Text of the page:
It is precisely this time of year, after warming soups, and sturdy grains, that many of us start to long for the taste of Greens. Often, salads are not exactly what we crave, many of them being cold in temperature themselves, but still..that emerging deep hunger for green things can be compelling as we wrap ourselves to stay warm, but miss the verdancy and energy of GREEN..dark, rich and energizing within winter’s color palette of brown, black, grey and white.

ENTER the COOKING GREENS such as Kale, Collards and Broccoli Rappini (Rabbe). I often at this time have a particular craving for Broccoli Rappini because of it slightly bitter flavor..a flavor that is is an important part of our digestive process, triggering inner digestive juices that both cleanse us, break down the nutrients of our food and disperse them throughout our body. Altho Broccoli Rappini actually  a member of the Brassica family of plants it, in flavor and appearance , resembles its cousin in the mustard plant groupings which accounts for it peppery bitterness.

For this recipe in winter, I must depend on the commercial variety of Rappini in the supermarkets which are delicious of course, but in summer when I garden, I prefer to raise Italian varieties of wild and garden Rappis,  especially from Franchi Seeds. They are thinner stemmed, and quite hot and slightly more bitter than the commercial varieties…and it takes more of it to make a supper! But it is well worth trying and comparing if you have a garden yourselves.

This is a wonderful supper in a bowl any time of the year…but especially sustaining in this cold season when you have just about had it with shoveling snow, and trying to stay upright on ice-laden walks. I will give alternate hints for including meat and using pasta instead of potatoes.

Please be aware when buying the commercial variety of Rappini in the supermarkets, that especially in those shelved vegetable sections that are constantly sprayed with water and mist, that Rappini deteriorates quickly and will turn yellow and rot. I truly do not like this use of spraying vegetables on the shelves…it cause the plants to spoil, AND unless you shake your purchase vigorously..you are paying for the extra weight of the water trapped within the leaves of your product..which of course I am sure is part of the plan of the merchandisers.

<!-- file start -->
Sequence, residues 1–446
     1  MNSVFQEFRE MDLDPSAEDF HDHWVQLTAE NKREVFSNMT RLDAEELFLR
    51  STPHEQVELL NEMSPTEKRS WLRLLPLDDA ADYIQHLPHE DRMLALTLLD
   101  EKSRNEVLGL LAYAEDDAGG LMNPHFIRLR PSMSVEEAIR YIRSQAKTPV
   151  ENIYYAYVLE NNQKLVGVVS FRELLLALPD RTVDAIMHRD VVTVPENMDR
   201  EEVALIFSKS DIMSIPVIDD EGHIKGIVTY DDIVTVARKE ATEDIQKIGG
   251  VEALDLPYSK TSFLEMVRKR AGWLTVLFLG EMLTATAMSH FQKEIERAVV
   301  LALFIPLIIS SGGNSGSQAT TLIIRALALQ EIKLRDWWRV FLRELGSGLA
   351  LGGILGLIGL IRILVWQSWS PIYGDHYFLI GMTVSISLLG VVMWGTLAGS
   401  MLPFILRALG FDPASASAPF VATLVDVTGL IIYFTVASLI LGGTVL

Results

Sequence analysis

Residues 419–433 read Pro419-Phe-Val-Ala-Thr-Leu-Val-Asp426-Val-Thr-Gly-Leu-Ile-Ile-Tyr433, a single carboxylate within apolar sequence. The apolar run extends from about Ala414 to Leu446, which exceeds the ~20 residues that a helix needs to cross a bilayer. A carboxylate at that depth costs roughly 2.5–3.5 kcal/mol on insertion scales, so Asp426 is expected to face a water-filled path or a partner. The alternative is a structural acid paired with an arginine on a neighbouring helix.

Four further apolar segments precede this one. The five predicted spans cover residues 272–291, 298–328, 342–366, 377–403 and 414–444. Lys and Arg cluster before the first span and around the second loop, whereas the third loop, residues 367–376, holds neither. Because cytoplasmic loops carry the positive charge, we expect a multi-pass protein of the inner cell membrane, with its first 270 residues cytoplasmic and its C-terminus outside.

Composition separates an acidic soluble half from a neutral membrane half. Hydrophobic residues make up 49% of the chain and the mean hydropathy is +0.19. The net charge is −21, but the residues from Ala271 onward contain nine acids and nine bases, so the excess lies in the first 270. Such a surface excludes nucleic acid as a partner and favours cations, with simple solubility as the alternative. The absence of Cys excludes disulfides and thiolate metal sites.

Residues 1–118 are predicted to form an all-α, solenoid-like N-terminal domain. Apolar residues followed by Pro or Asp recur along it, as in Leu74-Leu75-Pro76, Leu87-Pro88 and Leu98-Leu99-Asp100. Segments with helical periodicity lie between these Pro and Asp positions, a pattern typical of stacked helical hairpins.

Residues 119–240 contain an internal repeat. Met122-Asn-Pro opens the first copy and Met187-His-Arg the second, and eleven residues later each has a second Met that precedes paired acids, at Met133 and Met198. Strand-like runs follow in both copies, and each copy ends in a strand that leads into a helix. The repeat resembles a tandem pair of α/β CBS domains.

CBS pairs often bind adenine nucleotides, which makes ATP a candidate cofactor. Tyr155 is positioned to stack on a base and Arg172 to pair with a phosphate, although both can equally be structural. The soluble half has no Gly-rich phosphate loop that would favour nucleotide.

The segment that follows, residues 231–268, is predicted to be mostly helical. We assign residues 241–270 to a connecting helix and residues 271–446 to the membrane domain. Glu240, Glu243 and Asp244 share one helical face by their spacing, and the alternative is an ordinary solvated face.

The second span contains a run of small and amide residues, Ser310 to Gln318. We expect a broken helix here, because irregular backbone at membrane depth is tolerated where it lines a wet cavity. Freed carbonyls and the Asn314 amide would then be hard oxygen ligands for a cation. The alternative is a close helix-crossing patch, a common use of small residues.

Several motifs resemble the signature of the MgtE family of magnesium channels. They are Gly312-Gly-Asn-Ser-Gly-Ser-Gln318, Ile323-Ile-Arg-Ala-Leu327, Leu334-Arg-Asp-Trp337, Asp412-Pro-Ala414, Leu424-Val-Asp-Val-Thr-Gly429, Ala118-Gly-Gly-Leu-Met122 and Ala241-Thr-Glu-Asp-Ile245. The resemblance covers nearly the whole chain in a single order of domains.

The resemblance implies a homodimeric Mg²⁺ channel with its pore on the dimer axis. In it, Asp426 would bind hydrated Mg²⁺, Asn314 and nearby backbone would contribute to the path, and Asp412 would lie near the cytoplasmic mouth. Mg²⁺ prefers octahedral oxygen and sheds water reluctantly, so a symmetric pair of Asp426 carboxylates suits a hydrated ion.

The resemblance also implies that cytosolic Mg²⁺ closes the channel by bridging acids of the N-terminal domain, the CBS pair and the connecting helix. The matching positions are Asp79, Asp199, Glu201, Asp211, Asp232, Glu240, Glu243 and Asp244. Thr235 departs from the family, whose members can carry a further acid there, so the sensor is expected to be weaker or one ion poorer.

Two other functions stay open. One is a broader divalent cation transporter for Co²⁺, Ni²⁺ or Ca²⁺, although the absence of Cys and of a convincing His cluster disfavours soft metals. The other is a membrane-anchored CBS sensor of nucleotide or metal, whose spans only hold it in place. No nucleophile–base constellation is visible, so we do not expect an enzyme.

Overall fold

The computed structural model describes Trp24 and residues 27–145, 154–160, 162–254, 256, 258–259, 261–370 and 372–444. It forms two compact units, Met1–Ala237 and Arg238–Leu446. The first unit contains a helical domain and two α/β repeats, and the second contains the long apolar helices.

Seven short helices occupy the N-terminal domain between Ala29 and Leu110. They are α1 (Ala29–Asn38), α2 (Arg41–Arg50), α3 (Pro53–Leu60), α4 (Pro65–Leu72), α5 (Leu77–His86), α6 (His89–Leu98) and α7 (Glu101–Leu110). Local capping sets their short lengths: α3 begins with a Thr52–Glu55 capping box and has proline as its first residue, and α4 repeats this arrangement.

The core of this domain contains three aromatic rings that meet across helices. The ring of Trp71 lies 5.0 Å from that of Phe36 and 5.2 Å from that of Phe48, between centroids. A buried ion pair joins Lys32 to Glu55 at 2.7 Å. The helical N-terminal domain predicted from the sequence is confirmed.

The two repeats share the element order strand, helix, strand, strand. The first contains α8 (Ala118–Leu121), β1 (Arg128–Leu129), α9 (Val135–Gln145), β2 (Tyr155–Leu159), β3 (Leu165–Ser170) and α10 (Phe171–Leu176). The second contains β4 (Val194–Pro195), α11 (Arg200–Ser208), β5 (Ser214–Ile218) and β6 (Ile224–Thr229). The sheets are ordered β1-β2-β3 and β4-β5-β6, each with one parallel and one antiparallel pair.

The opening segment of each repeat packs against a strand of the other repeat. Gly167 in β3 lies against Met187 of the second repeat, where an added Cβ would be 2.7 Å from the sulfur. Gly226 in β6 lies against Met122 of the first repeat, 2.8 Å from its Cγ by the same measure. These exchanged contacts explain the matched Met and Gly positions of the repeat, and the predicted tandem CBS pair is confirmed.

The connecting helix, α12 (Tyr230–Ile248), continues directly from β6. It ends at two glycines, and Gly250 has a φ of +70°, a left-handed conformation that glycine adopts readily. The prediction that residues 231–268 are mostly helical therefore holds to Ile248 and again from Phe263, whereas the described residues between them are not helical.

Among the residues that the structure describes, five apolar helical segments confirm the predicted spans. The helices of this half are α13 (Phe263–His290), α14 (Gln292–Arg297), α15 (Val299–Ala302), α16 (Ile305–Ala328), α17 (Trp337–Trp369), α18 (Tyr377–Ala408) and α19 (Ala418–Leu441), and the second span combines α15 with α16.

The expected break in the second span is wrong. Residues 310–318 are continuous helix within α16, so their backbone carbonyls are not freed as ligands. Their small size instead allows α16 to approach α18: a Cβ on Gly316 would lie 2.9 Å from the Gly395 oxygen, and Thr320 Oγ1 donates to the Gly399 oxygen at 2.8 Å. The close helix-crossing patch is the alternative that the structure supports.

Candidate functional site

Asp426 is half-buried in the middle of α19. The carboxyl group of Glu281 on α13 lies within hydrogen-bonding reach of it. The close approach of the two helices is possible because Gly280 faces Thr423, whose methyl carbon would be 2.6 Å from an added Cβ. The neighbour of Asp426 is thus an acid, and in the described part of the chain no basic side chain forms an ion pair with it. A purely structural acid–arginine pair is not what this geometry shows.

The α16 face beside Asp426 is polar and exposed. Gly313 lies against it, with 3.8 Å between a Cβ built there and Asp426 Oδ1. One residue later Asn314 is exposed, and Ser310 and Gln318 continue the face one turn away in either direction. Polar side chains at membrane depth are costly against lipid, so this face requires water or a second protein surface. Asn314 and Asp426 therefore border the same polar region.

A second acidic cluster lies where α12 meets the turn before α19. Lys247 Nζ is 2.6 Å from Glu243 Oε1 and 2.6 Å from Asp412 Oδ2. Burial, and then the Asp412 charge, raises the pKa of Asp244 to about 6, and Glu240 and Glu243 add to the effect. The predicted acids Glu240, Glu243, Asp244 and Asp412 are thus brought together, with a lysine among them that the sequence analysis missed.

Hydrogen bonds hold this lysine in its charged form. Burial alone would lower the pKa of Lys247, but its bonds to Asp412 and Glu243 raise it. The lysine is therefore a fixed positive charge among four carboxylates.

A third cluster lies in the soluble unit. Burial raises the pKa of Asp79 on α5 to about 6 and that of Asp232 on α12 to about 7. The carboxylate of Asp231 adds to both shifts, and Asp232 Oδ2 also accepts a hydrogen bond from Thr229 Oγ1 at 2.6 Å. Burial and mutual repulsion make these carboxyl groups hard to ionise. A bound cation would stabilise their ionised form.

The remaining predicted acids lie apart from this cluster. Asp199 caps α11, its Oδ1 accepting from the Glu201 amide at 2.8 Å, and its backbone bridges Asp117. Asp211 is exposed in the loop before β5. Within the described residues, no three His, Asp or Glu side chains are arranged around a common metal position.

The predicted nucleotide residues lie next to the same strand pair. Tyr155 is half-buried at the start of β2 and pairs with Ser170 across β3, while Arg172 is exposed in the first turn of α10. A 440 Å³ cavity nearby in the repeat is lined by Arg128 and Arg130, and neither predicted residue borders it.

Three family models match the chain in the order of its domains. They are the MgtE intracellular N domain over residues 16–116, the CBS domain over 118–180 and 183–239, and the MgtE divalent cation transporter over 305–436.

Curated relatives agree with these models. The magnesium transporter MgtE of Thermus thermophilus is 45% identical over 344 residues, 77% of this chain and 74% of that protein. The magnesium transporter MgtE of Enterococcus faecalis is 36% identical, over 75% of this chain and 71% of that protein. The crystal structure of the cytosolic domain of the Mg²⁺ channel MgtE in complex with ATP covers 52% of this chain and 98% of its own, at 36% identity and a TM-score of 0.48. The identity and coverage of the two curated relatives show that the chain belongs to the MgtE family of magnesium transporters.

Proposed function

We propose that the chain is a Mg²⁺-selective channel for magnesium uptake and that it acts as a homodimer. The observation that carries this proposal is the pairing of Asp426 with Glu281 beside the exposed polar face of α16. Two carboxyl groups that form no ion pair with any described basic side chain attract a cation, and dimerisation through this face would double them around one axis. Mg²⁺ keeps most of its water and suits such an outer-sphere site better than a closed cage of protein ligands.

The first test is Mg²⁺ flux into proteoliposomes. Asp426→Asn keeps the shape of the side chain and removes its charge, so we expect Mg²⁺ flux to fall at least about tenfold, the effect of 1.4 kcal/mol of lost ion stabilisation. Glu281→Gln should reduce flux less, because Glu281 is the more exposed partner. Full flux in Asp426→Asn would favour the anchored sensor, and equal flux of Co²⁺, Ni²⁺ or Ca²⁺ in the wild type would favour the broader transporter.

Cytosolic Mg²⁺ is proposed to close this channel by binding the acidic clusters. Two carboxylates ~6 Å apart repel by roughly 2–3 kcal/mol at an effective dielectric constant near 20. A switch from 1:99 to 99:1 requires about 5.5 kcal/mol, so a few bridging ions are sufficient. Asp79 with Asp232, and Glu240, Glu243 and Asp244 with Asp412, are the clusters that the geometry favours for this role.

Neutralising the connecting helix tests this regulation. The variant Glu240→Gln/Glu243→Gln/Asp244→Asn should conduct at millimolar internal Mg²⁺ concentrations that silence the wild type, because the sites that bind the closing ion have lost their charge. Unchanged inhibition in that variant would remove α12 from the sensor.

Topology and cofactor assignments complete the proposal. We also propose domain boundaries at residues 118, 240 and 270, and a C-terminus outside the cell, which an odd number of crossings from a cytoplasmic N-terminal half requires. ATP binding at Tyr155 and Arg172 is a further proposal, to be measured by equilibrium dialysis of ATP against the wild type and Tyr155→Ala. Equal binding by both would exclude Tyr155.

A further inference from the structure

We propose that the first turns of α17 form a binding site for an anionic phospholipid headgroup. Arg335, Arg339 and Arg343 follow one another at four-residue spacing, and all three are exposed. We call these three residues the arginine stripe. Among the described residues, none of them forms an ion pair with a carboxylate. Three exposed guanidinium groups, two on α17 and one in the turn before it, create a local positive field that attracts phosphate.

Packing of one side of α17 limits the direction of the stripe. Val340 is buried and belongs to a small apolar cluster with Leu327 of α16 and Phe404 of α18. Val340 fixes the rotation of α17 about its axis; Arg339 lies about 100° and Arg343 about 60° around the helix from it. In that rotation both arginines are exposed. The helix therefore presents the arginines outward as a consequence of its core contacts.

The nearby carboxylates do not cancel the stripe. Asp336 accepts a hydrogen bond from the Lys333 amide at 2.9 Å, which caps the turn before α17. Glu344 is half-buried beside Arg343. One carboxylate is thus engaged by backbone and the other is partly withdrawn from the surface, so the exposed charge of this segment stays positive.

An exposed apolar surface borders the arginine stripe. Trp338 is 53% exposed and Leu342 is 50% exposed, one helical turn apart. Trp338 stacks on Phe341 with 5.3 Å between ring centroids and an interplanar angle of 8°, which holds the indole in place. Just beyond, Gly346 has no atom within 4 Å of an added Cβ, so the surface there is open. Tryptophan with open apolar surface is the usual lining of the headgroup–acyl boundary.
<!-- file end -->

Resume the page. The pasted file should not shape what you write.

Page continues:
Ingredients: (feel free to add and create on your own, substituting as you like. The only thing not variable is the Broccoli Rappini!)

Rappini 21 commercial bunch of broccoli rappini, 2-3 medium potatoes cooked, chopped and set aside, one small/medium onion diced, 2 cloves garlic diced, 3-4 cocktail or plum tomatoes, seeded and quartered, olive oil, dried basil and dried marjoram, 2-3 chopped canned artichoke hearts, 3-4 deli olives pitted and chopped, a nice soft-style fresh mozzarella cheese (1 thick slice diced in little squares), 2-3 teasp pignoli nuts slightly sauteed, a little canned chicken broth as necessary, a sprinkle of cayenne.

Preparation :

Discard any yellowed  leaves. Drain. Chop off dried stem ends. Discard. Chop greens in thirds, put in a deep pan with a little water, and steam until wilted. Drain. In a deep pan or skillet, saute onions and garlic in olive oil until just slightly golden, add chopped rappini,  a little salt and pepper, the diced chopped artichoke hearts and a little chicken broth or water. Simmer for a few minutes, add the chopped tomatoes, a pinch of dried basil and a pinch of dried marjoram to taste. Simmer gently for a few minutes, stirring. Add  sliced olives. TASTE, taste, taste,  and adjust seasonings to please yourself. Keep warm, adding a little more broth if necessary.

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To Serve:

Put cooked chopped potatoes in the bottom of a serving bowl.  Add chopped mozzarella to the  heated broccoli rappini mixture and spoon the mixture  over the potatoes. Garnish with the lightly sauteed pignola nuts. Taste and adjust seasonings…a sprinkle of cayenne if desired. ENJOY!  A chewy artisan bread and  glass of a light red wine is just fine to complete this supper.

*Note: chopped broiled Italian sweet sausage made be added into the mixture if  meat is desired. This may also be served over a pasta of choice instead of potatoes. I am going gluten free, so I use a brown rice pasta which is absolutely delicious.

STORY !

I have just signed up at the local University for the Osher Lifelong Learning Institute...which is a program of no homework/no tests college courses for pleasure and leisure for people age 50 and older. I myself am a teacher/speaker/retreat director/workshop presenter by profession, but am excited to take courses on topics that are of interest but that I do not personally teach. One of the courses I have just signed up for is “Conversational Italian” so in the future I may express my Delicioso recipes with some new and musical words, given the lyrical quality of that language ( and the Italian/Mediterranean enthusiasm for much of my style of cooking!).